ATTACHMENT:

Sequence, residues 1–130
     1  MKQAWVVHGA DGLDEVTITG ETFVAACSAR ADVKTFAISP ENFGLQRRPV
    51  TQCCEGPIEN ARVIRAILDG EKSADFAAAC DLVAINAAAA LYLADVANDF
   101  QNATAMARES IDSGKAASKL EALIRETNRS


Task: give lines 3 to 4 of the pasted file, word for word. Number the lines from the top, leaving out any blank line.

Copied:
    51  TQCCEGPIEN ARVIRAILDG EKSADFAAAC DLVAINAAAA LYLADVANDF
   101  QNATAMARES IDSGKAASKL EALIRETNRS